A-Z Gardening in Zone 3-4

For the organic gardner struggling in the short season climate


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Parsley, Sage, Rosemary and Thyme


Linda and I have always kept a small herb garden on the edge of one of our 3 garden beds, the smallest. We grew thyme, rosemary, basil, sage and parsley. For many years we potted the them up and successfully overwintered them in the greenhouse. Basil is so sensitive to cold that it would not even survive on my front porch in 50 degree temperatures. I can usually keep a pot of it growing in a southern window in the house. Two winters ago none of our herbs survived. Whether it was because the plants were very old or the temperature got too low we don’t know, they all died.

Future sight of our new herb garden

This year we are going to move our herbs to the side of the same garden bed and because we now have more room we are growing a larger variety. We started basil, thyme, culinary sage, lemon balm, parsley, rosemary, Greek oregano and hyssop in flats that we will transplant in late May or June. Hyssop is native to Europe where it is used to improve the smell of kitchens. It’s leaves are used to flavor green salads, soups, liqueurs stews and tea. It also attracts humming birds. Lemon Balm was grown at Monticello by Thomas Jefferson. It is used for making tea and is said to have a calming effect on children and helpful for upset stomachs.

I have recently learned of a good way to preserve herbs for winter use. Chop up fresh herbs, put in ice cube trays with enough water to cover and freeze. When frozen place cubes in plastic bags. When needed just pop a cube into whatever your cooking, or thaw it out and use as fresh. If anyone has more tips on preserving fresh herbs please leave a comment.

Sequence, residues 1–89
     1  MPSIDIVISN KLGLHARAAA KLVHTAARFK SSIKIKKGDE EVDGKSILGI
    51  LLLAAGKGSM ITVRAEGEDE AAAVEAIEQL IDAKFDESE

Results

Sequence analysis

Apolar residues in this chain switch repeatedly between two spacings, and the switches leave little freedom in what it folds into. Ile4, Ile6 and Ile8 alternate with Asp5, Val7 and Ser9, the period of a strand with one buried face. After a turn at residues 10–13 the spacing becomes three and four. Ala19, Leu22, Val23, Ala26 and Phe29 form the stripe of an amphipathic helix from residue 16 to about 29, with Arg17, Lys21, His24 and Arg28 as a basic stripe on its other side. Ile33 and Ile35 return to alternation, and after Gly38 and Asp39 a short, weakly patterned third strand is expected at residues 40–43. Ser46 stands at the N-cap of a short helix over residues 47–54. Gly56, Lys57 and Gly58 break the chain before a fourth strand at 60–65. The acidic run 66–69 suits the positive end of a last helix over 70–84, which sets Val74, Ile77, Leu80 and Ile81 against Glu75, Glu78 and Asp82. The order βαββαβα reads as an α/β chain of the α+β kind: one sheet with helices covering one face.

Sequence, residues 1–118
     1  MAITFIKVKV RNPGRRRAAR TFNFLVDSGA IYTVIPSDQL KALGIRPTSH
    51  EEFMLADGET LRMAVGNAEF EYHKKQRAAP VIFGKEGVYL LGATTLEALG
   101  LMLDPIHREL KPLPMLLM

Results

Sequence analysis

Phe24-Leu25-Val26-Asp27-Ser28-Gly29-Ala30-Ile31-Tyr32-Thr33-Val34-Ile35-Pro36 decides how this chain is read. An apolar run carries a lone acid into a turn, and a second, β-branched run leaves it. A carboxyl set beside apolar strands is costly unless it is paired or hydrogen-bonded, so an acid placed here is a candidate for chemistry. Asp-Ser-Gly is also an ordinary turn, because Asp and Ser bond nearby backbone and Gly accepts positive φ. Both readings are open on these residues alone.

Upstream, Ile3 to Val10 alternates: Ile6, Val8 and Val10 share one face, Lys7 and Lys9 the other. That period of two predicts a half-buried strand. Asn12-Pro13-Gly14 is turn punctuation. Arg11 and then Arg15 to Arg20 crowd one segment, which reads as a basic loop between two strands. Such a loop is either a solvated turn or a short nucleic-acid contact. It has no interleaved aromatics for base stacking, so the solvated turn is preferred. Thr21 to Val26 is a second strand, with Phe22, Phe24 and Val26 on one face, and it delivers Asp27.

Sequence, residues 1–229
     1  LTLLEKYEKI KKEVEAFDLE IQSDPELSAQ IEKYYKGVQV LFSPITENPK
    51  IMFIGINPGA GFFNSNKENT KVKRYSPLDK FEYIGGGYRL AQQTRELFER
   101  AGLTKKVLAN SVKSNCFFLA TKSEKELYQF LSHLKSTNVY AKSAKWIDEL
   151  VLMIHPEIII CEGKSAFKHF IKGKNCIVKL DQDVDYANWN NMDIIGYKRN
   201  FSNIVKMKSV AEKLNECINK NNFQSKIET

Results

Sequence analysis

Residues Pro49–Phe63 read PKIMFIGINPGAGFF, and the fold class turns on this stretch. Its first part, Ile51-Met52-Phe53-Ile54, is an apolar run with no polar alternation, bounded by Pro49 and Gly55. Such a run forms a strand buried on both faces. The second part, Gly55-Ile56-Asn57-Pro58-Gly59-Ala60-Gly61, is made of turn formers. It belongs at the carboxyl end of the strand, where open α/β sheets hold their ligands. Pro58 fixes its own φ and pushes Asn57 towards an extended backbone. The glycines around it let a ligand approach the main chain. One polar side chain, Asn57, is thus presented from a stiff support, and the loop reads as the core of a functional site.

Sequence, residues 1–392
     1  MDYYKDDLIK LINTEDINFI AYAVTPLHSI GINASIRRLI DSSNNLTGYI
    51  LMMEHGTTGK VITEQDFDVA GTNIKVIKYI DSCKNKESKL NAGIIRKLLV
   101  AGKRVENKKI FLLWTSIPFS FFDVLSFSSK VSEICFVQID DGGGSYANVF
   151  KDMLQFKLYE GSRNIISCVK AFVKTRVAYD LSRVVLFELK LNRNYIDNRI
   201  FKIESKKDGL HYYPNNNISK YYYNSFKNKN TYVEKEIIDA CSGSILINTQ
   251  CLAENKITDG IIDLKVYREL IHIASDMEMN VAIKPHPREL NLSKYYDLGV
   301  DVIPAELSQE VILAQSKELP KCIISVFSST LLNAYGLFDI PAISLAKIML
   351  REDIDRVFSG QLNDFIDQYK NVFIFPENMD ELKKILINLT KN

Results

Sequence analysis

These are pictures of our new herb garden after replanting and during the summer.

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It’s Official!

Tim bringing back the tiller from a spring tune up at his house.

Spring has arrived in zone 3-4, the tree frogs have started peeping. I really enjoy laying in bed at night listening to the peepers, it’s music to my ears. This is my favorite time of year. I know that spring has arrived and that soon we will be planting the garden. We may still have at least two more snow events before May. On occasion we have had significant snow in May. I’ve gone to bed when the temperature was in the 50’s and woke up to 6″ of snow on the ground on May 16 th. We had to jump out of bed and run outside to shake the snow off the fruit trees in order to keep the damage to a minimum. Snow in May usually melts by the afternoon although I remember one time it staying on the ground for about 2 days.

Linda came over on April 7 th and we planted the peas and lettuce in the garden. We usually plant peas on Good Friday, however, this Good Friday was on March 21st, and the garden was covered with ice and snow. We also started our herbs, leeks and bunching onions. We will transplant the leeks and bunching onions when they get big enough. They are frost hardy so it doesn’t matter when you transplant them into the garden. The herbs were put on the germination stand until they come up and then will go on the front porch until they can go into the greenhouse.

The daffodils are peeking up out of the ground and the crocus are blooming. Thank goodness for crocus, it’s so nice to have such bright and deep colors when everything is so drab. Last fall I planted 80 crocus in my front yard flower bed, it’s 5’x10′. That bed also has daffodils and is planted with annuals in June for summer color.

It’s also time to prune the apple trees, blueberry bushes and ornamentals. From here on out, life gets very busy.